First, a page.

Slightly more than 3 in 4 claims submitted during a recent partial testing of more than 13,000 ICD-10 claims were accepted by CMS contractors, the CMS announced Tuesday.
Acceptance rates for the so-called “acknowledgement testing,” which involved 500 volunteer healthcare organizations, improved throughout the week with Friday's acceptance rate for test claims at 87%,” a CMS statement said. “Nationally, CMS accepted 76% of total test claims. Testing did not identify any issues with the Medicare (fee for service) claims systems.”
This round of testing allowed providers, billing companies and claims clearinghouses to determine whether CMS could accept their ICD-10-coded claims and return an acknowledgment to the sender that the claims had been accepted or rejected. Payments were not calculated for the coded claims.
A 24% non-acceptance rate is no cause for concern at this point, according to Stanley Nachimson, a health information technology consultant. Hopefully, Nachimson said, details will be released by the CMS in various outreach sessions later about what caused the rejections.
In the first round, a number of entities chose to send bad transactions, so-called negative testing, and that could account for some of the rejections, Nachimson said. “Given that we're relatively early in the testing, it's good to see if there were issues. The more transparency in the test results the better,” he said.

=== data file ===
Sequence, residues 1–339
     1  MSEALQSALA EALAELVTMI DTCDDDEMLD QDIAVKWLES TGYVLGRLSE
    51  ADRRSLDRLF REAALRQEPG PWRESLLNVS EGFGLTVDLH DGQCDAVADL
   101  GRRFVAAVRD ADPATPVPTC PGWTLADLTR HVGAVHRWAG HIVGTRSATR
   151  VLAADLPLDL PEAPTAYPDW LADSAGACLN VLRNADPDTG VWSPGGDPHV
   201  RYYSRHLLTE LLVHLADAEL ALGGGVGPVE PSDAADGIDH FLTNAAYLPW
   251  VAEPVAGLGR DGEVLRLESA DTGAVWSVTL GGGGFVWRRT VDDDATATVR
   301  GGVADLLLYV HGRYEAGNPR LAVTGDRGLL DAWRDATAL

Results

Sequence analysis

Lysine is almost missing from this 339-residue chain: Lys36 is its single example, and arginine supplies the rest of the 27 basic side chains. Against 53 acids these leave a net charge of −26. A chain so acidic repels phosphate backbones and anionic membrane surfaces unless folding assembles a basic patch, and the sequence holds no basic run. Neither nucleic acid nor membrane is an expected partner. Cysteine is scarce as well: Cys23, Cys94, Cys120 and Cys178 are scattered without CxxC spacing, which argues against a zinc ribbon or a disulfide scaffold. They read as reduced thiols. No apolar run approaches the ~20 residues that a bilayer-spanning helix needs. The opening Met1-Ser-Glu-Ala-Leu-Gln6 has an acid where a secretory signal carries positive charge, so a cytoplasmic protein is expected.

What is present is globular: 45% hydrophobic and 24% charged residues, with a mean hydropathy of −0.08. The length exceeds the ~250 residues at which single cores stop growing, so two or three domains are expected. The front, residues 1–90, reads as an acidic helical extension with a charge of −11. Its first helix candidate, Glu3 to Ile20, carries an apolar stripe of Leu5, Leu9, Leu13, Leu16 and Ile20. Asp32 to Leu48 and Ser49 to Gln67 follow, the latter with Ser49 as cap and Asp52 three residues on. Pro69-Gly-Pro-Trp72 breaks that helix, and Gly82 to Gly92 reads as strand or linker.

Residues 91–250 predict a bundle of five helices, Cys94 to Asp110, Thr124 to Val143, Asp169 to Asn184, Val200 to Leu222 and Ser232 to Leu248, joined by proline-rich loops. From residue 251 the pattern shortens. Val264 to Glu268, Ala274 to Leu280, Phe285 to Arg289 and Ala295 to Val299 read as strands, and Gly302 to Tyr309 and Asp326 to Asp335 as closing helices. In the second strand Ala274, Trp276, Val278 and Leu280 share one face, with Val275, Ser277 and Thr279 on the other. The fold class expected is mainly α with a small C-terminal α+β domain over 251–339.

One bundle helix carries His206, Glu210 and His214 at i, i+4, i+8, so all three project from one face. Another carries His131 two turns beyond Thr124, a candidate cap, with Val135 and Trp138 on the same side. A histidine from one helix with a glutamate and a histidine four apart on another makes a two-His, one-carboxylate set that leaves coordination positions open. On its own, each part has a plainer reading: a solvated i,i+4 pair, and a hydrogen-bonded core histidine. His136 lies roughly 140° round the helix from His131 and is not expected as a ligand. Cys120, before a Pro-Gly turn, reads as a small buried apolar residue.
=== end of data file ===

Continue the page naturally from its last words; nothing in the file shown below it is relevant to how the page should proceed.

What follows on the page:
The CMS said most rejections of professional claims were caused by an invalid national provider identifier in the claim submitted for testing. Some claims bounced because they were submitted with future dates or lacked a needed “companion qualifier,” the agency said.
Additional acknowledgement testing sessions are scheduled March 2-6 and June 1-5, 2015.
The CMS is conducting a series of nationwide testing programs in advance of the federally mandated national shift to the ICD-10 diagnostic and procedural coding system on Oct. 1, 2015.
It conducted a similar round of tests last month and in January plans to begin a more rigorous series of “end-to-end” testing sessions with claims adjudication and communication back to the provider of a remittance advice.
A five-page CMS guidance answers frequently asked questions about the ICD-10 end-to-end testing program.
The CMS will be under congressional scrutiny next year in the run-up to the scheduled ICD-10 deadline, with a pair of GOP leaders, House Energy and Commerce Committee Chairman Fred Upton (R-Mich.) and House Rules Committee Chairman Pete Sessions (R-Texas) calling for hearings on national preparedness for the conversion.
Meanwhile, several physicians groups, led by the Texas Medical Association and the American Medical Association, are continuing in their opposition to the ICD-10 rollout.
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